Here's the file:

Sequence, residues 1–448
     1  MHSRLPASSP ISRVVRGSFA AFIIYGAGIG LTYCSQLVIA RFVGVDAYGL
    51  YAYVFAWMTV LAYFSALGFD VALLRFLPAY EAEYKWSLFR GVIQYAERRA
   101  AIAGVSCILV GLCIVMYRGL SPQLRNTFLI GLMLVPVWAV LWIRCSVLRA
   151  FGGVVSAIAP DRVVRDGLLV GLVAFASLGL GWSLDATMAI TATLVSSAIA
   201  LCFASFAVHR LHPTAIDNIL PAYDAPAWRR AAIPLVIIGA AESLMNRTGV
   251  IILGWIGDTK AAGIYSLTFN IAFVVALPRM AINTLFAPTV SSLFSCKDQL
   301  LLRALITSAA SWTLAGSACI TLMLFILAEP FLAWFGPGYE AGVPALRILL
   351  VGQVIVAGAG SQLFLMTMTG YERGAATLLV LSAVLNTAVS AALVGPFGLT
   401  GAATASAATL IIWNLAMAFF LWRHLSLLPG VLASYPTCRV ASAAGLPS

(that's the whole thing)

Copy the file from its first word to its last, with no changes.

Sequence, residues 1–448
     1  MHSRLPASSP ISRVVRGSFA AFIIYGAGIG LTYCSQLVIA RFVGVDAYGL
    51  YAYVFAWMTV LAYFSALGFD VALLRFLPAY EAEYKWSLFR GVIQYAERRA
   101  AIAGVSCILV GLCIVMYRGL SPQLRNTFLI GLMLVPVWAV LWIRCSVLRA
   151  FGGVVSAIAP DRVVRDGLLV GLVAFASLGL GWSLDATMAI TATLVSSAIA
   201  LCFASFAVHR LHPTAIDNIL PAYDAPAWRR AAIPLVIIGA AESLMNRTGV
   251  IILGWIGDTK AAGIYSLTFN IAFVVALPRM AINTLFAPTV SSLFSCKDQL
   301  LLRALITSAA SWTLAGSACI TLMLFILAEP FLAWFGPGYE AGVPALRILL
   351  VGQVIVAGAG SQLFLMTMTG YERGAATLLV LSAVLNTAVS AALVGPFGLT
   401  GAATASAATL IIWNLAMAFF LWRHLSLLPG VLASYPTCRV ASAAGLPS